France imposes 1-hour deadline on some social media censorship on pain of massive fines

A new law has been passed in France that allows it to impose draconian punishments on social media companies that fail to take down some content within 60 minutes.

The news comes courtesy of Reuters, which reports: ‘online content providers will have to remove paedophile and terrorism-related content from their platforms within the hour or face a fine of up to 4% of their global revenue.’ Other content that is deemed ‘manifestly illicit’ by whoever makes these decisions will have to be taken down within 24 hours.

“People will think twice before crossing the red line if they know that there is a high likelihood that they will be held to account,” said Justice Minister Nicole Belloubet, apparently oblivious to the fact that the law largest the platforms, not their users. It’s not clear whether the responsibility for identifying content that crosses this like will be the responsibility of the platforms too, but if it is, they will need to be provided with a comprehensive censorship manual if they’re expected to comply.

The matter of social media censorship is a very tricky one and nobody is saying illegal content should be allowed to remain in the public domain, but this looks like a very clumsy approach by the French. There are many alternatives to the imposition of massive fines and this smacks of yet another cash grab by the French state on the US tech sector.

Orange starts reopening its shops in France

French operator Orange has already opened 30% of its shops and expects to have the rest up and running by the end of the month.

It looks like France is a fair bit further down the road to opening up than the UK, if Orange is anything to go by, but it’s also providing a taste of how society has been changed by the coronavirus pandemic. While it’s opening shops, Orange is also putting a number of measures into place to help people interact with it without leaving the house and to reduce congestion in its shops.

All its communications channels can now be used to access a new booking system that will allow them to reserve a time slot in their nearest shop, thus preventing queuing and unnecessary time spent generally milling about the place. Pretty much everything they might do in the shop can be done remotely these days, but some people like to look someone in the eye before they agree to anything.

On top of that, Orange shops will be littered with the kind of paraphernalia that would have, until recently, been indicative of extreme hypochondria. All the staff will be wearing masks, there will be hand sanitizer pumps everywhere and they will wipe down sales terminals after every use. On top of that there will be the customary floor signs urging social distancing.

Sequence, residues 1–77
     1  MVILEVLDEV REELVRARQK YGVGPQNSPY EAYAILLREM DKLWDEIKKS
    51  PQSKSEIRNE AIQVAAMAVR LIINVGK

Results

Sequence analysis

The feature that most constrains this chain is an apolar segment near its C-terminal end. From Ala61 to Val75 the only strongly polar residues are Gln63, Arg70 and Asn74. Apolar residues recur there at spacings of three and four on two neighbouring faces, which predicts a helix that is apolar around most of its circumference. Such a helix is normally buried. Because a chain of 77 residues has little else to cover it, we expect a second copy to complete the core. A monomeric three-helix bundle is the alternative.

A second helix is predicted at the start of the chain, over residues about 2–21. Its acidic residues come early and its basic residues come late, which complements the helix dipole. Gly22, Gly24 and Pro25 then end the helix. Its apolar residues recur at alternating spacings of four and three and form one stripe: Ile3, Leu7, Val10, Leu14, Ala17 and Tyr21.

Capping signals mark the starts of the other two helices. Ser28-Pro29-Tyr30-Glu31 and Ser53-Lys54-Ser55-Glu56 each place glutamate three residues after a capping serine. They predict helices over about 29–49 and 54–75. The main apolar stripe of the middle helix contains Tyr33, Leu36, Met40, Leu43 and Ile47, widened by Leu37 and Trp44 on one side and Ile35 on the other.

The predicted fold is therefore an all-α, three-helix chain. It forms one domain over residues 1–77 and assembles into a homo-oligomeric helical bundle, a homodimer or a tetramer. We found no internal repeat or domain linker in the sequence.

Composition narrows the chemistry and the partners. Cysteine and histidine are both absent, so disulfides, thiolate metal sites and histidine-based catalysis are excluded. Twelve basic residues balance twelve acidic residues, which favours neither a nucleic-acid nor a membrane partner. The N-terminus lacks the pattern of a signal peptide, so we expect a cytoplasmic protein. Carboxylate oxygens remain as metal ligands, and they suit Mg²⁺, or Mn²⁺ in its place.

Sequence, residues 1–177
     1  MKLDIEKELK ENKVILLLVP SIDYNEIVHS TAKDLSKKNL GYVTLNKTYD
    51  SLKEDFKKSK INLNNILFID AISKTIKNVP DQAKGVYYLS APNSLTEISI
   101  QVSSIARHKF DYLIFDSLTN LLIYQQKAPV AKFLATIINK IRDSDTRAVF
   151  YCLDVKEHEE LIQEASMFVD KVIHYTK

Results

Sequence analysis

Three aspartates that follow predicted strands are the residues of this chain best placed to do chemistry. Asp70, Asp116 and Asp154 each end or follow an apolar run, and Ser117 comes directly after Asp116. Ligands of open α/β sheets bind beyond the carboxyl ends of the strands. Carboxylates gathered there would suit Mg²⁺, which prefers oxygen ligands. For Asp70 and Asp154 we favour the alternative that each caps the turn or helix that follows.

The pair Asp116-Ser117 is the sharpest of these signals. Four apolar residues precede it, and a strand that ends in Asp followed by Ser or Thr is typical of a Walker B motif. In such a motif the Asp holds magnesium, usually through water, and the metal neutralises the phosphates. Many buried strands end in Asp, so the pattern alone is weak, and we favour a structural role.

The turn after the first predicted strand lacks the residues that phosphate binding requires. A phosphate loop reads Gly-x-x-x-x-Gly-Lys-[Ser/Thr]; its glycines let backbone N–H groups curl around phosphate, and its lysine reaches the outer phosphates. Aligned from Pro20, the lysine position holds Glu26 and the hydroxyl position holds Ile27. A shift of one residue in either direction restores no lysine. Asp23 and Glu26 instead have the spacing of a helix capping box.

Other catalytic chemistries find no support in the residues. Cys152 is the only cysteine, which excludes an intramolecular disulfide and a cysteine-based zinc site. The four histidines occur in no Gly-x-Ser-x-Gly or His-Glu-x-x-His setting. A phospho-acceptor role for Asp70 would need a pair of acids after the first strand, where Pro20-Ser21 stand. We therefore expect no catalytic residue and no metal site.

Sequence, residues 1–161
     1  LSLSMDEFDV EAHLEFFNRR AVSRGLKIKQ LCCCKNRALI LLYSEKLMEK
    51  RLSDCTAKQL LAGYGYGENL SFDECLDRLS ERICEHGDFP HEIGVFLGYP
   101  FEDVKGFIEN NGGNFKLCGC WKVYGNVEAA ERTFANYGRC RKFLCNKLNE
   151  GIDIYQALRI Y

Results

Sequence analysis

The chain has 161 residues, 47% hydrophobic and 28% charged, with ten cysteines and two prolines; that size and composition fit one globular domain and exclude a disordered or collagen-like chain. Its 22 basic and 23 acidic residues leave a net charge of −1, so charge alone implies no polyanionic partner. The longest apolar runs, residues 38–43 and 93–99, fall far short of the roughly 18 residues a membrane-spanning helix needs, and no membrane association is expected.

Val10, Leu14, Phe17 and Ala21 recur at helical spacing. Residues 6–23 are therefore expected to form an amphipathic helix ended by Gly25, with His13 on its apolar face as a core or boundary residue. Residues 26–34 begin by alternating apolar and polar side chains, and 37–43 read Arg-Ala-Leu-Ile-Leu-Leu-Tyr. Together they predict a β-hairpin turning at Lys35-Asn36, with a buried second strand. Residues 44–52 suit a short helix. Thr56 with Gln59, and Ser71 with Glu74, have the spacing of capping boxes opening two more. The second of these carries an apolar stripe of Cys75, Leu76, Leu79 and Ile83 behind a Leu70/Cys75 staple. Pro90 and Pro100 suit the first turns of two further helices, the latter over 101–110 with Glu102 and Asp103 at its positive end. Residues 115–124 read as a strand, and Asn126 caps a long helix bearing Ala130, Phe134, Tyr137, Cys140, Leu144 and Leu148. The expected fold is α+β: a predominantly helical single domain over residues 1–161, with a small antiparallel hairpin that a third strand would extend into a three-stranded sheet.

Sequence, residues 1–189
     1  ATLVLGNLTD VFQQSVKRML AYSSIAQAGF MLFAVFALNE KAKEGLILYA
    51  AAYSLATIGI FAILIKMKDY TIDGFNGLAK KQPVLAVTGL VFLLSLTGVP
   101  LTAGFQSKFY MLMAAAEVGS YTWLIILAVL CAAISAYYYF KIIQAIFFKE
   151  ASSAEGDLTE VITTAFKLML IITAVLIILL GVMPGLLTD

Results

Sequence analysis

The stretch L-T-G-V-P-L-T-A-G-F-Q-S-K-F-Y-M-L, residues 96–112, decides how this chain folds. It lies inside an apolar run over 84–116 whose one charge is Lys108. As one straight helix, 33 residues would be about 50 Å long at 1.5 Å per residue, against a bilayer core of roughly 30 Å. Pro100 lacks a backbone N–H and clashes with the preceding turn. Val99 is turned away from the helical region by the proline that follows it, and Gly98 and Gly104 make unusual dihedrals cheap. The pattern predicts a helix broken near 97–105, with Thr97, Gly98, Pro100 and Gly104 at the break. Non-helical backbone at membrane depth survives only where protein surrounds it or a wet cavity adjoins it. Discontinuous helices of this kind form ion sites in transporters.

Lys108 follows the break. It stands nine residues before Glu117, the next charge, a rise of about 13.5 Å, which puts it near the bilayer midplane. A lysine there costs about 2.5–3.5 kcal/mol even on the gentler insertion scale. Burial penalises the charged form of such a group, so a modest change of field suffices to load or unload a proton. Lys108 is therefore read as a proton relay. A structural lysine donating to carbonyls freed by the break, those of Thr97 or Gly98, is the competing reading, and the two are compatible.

While it’s great to see Orange France opening up again, a trip to the store seems like a massive drag under these circumstances. So long as everyone is required to walk around in hazmat suits, flinch from anyone within coughing distance and treat any object that doesn’t smell of surgical spirit with deep suspicion, many people will probably opt to stay in regardless.

Iliad revenue surges but device sales dampen the party

Disruptive French telco Iliad has reported 6.9% growth in consolidated revenues for the three months to March 31, but depressed device sales took some of the shine off.

While sales of fixed and mobile devices only brought in €45 million across the quarter, a 38.6% decrease in year-on-year sales would have bruised some egos. Reporting a 6.9% increase in consolidated revenues would certainly keep investors happy, but without the dent to device sales, Iliad executives would have been boasting about a 9.1% increase.

Still, few will complain with the performance of the business over the last three months, as share price increased 5.3% (12.30pm, May 12).

“All crises are revealing,” said CEO Thomas Reynaud. “And for our Group, this one has brought out the best in us, clearly showing the agility of our organization and the strength of our fundamentals.

“I have been particularly impressed by the commitment and drive of our employees who are working so hard to keep people connected. The crisis has strengthened the incredible spirit of solidarity which has always characterized Free.”

Iliad Group financial performance for three months to March 31 (Euro (€), millions)
Total Year-on-year
Consolidated revenues 1,382 6.9%
Service revenues 1,339 9.6%
Mobile ARPU 10.6 12.8%
Fixed ARPU 32 1.3%

Source: Iliad Investor Relations

As with many other telcos in Europe, Iliad is now searching for value outside its core competencies. This can be broken down to two main ventures, both of which are looking quite healthy.

Firstly, in pushing into the convergence business model in France with a FTTH proposition, Iliad is evolving to much more than a disruptive nuisance. The broadband network has now passed 15 million homes across France, adding 215,000 subscribers this quarter. The subscriber base now stands at 1.97 million, with the objective to have 4.5 million by the end of 2024.